Almost every country has experienced an increase in inequality since 1985; the primary exceptions are found in Latin America. To put it in plain language, if a handful of people are taking everything, there is less for everybody else and the subsequent difficulties in maintaining an adequate standard of living increase.

Individualist propaganda would have it that it is your fault. But how can it be individuals’ fault if four out of five in the richest and most powerful country on Earth struggle to be able to eat properly and keep a roof over their heads? And this the model being imposed on the rest of the world.

Capitalist ideology equates “freedom” with individualism — but as a specific form of individualism that is shorn of responsibility. More wealth for the rich is advertised as good for everybody despite the shredding of social safety nets that accompanies the concentration of wealth. Those who have the most — obtained at the expense of those with far less — have no responsibility to the society that enabled them to amass such wealth. Imposing harsher working conditions is another aspect of this individualistic “freedom,” but freedom for who?

“Freedom” for industrialists and financiers is freedom to rule over, control and exploit others; “justice” is the unfettered ability to enjoy this freedom, a justice reflected in legal structures. Working people are “free” to compete in a race to the bottom set up by capitalists — this is the freedom loftily extolled by the corporate media and the institutions of the corporate elite. That we have to live this way is indeed a fish story.

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22 comments on “Most people are economically precarious, but it’s your fault

  1. Alcuin says:

    “Give a man a fish, and you feed him for a day; show him how to catch fish, and you feed him for a lifetime”. – Anne Isabella Thackeray Ritchie, ca. 1885

    Who, I wondered, was Anne Isabella Thackeray Ritchie? A quick perusal of the Wikipedia entry on her revealed that she was the daughter of William Makepeace Thackeray, who was the only child of Richmond Thackeray. She married her cousin, Sir Richmond Thackeray Willougby Ritchie. Sir Richmond was knighted in 1907. Interestingly enough, Richmond Thackeray (not Richmond Ritchie – it gets so confusing, doesn’t it?) was the secretary of the Board of Revenue of the British East India Company in Calcutta, India. His mother’s father, John Harman Becher, was also a secretary for the British East India Company. As Shakespeare wrote, “Oh, what a tangled web we weave.”

    Now that we know a little bit about the origins of the phrase, it becomes more understandable, doesn’t it? Capitalists have had contempt for the working class all the way back to Adam Smith. I’m trying to find the time to read a most interesting exposé of the classical political economists by Michael Perelman in his book, The Invention of Capitalism.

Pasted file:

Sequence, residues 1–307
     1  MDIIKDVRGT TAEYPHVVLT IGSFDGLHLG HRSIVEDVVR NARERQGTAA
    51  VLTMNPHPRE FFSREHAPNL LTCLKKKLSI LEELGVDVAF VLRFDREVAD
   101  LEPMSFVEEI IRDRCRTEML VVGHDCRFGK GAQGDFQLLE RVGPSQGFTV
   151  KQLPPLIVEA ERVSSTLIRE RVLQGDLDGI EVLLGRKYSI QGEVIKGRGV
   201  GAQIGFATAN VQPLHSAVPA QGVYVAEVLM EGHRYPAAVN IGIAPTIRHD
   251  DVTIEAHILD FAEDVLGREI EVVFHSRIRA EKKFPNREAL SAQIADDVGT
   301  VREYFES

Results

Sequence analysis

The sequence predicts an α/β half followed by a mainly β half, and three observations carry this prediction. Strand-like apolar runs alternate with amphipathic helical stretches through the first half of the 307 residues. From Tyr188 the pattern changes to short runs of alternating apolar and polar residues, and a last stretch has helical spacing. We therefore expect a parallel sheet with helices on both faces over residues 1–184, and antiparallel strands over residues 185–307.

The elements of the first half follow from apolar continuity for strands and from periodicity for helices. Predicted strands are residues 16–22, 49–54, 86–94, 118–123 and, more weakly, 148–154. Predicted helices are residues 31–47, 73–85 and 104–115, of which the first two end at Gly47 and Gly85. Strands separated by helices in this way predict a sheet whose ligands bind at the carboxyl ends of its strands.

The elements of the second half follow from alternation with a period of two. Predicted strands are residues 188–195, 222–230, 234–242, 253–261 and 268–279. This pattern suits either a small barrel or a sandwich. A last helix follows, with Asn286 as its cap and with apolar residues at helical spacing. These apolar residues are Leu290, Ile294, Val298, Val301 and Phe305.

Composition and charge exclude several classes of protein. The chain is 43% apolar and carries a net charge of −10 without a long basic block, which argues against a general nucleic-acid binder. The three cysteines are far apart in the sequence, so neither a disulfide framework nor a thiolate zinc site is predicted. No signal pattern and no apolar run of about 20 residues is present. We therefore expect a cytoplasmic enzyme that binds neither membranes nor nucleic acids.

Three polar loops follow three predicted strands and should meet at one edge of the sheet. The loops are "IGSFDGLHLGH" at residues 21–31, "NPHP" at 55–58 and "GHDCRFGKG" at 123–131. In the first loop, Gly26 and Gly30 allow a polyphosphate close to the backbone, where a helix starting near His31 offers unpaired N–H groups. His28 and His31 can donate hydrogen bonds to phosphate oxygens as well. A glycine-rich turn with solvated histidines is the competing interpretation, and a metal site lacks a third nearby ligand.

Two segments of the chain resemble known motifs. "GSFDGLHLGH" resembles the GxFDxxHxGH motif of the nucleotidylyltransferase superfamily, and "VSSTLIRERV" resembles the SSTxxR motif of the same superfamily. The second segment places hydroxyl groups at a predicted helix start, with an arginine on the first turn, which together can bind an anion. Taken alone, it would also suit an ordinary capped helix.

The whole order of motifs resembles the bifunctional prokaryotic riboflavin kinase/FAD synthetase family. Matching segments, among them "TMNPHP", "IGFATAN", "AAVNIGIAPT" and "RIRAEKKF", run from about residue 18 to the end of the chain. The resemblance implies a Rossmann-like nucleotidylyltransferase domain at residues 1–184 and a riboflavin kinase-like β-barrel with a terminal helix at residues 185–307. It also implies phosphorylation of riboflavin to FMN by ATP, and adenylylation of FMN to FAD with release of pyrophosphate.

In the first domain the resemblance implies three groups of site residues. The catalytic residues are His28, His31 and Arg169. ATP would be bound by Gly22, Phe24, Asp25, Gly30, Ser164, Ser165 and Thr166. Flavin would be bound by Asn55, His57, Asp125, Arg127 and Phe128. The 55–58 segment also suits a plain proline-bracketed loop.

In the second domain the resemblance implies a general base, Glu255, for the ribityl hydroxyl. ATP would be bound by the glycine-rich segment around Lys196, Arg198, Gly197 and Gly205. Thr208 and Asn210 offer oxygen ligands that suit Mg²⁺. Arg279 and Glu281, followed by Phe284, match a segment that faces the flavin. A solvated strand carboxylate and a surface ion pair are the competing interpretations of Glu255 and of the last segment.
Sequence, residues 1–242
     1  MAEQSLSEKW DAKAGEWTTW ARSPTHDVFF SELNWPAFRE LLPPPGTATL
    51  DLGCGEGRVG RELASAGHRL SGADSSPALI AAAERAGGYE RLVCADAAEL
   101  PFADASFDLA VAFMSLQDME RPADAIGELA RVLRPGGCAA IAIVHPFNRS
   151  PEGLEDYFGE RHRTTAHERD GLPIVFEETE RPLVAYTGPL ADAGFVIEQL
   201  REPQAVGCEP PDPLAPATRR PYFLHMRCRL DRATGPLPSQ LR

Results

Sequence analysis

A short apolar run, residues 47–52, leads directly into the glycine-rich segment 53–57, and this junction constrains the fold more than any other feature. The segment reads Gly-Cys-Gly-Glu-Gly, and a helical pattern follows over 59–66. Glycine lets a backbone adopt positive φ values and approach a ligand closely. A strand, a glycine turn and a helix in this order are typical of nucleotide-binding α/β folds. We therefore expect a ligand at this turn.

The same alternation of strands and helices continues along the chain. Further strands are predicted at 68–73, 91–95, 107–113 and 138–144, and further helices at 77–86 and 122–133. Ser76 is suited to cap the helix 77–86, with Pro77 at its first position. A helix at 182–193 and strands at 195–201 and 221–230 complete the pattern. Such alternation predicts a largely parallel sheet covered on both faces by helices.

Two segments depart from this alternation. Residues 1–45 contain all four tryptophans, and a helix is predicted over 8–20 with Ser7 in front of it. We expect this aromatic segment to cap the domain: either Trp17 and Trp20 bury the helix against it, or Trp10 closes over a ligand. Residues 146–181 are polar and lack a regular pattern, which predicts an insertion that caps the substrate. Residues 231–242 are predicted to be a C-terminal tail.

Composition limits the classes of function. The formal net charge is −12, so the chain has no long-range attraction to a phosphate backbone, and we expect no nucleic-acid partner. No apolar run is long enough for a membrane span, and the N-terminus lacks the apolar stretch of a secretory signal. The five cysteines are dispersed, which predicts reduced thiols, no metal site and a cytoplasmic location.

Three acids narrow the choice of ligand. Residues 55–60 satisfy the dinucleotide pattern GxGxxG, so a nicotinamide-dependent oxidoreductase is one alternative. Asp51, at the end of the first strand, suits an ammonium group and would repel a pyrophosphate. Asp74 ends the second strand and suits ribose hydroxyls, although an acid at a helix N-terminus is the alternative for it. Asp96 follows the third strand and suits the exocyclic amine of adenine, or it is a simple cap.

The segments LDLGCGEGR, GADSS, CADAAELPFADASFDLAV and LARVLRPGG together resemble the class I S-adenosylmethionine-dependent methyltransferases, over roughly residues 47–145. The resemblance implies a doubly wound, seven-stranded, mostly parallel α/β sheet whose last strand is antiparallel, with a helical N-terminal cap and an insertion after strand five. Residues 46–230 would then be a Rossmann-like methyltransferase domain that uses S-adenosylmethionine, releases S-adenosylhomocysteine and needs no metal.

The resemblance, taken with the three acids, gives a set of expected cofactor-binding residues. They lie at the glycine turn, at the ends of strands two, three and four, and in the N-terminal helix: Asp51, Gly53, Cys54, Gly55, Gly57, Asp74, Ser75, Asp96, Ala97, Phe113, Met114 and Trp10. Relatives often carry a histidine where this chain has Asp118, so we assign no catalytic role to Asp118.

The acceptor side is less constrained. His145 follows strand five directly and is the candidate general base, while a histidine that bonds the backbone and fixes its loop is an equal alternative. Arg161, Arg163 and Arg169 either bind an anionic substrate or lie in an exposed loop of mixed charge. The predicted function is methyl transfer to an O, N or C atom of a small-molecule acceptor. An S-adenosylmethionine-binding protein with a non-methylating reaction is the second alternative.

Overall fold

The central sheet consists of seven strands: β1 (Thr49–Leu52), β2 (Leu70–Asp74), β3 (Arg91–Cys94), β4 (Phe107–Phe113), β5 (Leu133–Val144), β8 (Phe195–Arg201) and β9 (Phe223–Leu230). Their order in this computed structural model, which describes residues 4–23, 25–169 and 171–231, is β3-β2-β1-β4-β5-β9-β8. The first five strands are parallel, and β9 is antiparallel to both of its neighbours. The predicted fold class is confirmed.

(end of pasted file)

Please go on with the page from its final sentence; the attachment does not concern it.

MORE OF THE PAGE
• Thanks for digging up the original quote. Yes, it surely comes into even sharper focus once we know the source.

      A bit of historical irony is that Adam Smith himself didn’t have contempt for working people the way that his followers do, although he did believe that capitalists should be given outsized rewards. David McNally’s Against the Market provides a nuanced analysis of Smith but, as you can guess from the title, the book does ultimately explode the myths of the market. I’ve only read portions of The Invention of Capitalism, but based on what I’ve read, I would very much recommend it for its exploration of the force and violence that accompanied the rise of the capitalist system.

      • Alcuin says:

        “This book may be controversial in that it contradicts the commonly
        accepted theory that classical political economy offered its unconditional
        support for the doctrine of laissez-faire. It questions the relative importance
        of the almost universally admired Smith and makes the case that
        Smith and other classical authors sought to promote the process of primitive
        accumulation. This rereading suggests that classical political economy followed a different project, one that contradicts the standard interpretation of classical political economy.” (Perelman, The Invention of Capitalism, pp. 11-12.

        I’m reading a witty repartee to almost every authority, now. It’s entitled Potlach: Considering the Rough and the Smooth and it’s by Synge Fendersën Yngvaalsën, which is quite obviously a pseudonym. You might not like the site – it might be a tad too anarchic for you, but this article is just plain fun to read! The author gores everyone’s sacred cows.